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prandĕo, di (prandidi, Diom. p. 364), sum, 2, v. n. and a. [prandium].
- I. Neutr., to take breakfast, to breakfast (v. prandium; class.): hic rex cum aceto pransurus est et sale, Plaut. Rud. 4, 2, 32: prandi in navi, id. Men. 2, 3, 50: prandi perbene, id. ib. 5, 9, 81: Caninio consule scito neminem prandisse (because he was elected in the afternoon, and resigned his office on the following morning), Cic. Fam. 7, 30, 1: sic prandete, commilitones, tamquam apud inferos coenaturi, Val. Max. 3, 2, 3: ad satietatem, Suet. Dom. 21; Plin. 28, 5, 14, § 56: prandebat sibi quisque deus, Juv. 13, 46.
- II. Act., to breakfast on any thing, to take as a breakfast or luncheon; or, in gen., to eat: calidum prandisti prandium, Plaut. Poen. 3, 5, 14: luscinias prandere, Hor. S. 2, 3, 245: olus, id. Ep. 1, 17, 13.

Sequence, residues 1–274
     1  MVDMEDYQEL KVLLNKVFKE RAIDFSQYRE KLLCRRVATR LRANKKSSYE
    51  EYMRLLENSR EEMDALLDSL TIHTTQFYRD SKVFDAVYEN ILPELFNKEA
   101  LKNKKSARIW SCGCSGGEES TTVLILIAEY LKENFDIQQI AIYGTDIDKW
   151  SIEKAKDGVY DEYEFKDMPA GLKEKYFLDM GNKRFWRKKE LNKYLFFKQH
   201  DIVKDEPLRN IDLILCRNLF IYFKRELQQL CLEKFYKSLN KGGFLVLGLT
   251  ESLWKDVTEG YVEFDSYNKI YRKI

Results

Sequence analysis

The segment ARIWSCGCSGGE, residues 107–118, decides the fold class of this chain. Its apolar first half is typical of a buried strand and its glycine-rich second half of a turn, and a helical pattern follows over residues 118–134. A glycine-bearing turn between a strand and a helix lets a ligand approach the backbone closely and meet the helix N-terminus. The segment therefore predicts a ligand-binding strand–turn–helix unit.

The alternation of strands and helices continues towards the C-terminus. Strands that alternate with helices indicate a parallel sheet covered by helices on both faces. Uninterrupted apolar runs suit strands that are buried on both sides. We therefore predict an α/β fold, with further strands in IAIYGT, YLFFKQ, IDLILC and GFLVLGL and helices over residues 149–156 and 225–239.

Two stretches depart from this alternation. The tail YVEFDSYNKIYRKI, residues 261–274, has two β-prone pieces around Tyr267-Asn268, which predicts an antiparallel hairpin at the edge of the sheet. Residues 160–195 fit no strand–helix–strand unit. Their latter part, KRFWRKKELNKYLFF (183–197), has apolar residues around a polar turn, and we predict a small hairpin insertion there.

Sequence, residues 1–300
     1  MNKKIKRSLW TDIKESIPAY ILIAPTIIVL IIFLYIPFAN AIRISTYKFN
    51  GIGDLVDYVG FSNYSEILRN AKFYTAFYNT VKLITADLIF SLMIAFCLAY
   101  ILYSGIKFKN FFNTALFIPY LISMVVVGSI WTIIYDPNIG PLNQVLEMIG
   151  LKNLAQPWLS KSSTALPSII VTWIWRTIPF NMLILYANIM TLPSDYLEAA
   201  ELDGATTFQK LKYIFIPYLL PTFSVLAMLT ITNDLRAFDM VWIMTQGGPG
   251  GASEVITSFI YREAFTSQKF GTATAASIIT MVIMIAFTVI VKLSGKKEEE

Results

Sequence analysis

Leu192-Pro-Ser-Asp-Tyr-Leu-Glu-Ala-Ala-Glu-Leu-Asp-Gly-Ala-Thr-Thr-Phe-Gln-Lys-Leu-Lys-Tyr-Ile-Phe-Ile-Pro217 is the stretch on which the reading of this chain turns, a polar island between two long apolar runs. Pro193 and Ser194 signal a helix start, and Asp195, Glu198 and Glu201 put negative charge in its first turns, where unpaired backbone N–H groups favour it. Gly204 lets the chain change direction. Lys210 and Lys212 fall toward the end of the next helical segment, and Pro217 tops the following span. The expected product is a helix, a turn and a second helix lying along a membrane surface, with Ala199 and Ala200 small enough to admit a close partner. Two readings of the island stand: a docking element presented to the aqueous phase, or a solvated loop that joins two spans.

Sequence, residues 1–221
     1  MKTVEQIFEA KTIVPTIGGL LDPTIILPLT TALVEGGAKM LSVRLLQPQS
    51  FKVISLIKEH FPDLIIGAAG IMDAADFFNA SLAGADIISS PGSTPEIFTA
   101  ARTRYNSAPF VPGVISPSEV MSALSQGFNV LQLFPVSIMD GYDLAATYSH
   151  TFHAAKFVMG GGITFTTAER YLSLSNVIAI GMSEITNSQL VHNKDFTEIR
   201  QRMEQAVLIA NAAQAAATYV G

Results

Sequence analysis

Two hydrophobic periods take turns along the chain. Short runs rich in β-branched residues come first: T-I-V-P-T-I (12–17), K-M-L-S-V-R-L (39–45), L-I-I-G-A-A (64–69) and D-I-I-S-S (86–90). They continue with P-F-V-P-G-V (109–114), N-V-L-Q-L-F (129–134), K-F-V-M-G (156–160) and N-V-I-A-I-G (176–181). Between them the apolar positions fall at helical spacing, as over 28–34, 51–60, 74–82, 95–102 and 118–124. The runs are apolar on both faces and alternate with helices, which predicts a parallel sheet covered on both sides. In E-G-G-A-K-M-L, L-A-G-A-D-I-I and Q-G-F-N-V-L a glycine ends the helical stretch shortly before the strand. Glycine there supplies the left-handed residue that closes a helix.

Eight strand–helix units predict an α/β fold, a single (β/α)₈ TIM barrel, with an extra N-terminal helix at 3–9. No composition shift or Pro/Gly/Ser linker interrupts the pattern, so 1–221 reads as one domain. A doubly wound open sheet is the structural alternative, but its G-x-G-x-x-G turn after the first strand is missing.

Hence, pransus, a, um, P. a., that has breakfasted (like potus, that has drunk): pransus non avide, Hor. S. 1, 6, 127; 1, 5, 25: pransa Lamia, id. A. P. 340.
Because soldiers were accustomed to eat before an engagement; hence, pransus paratus, or curatus et pransus, of soldiers, fed, i. e. ready, fit for fighting: exercitus pransus, paratus, Cato ap. Gell. 15, 13, 5; Varr. ap. Non. 459, 2: ut viri equique curati et pransi essent, Liv. 28, 14: pransus, potus, overfed, gluttonous: adde inscitiam pransi, poti, oscitantis ducis, Cic. Mil. 21, 56.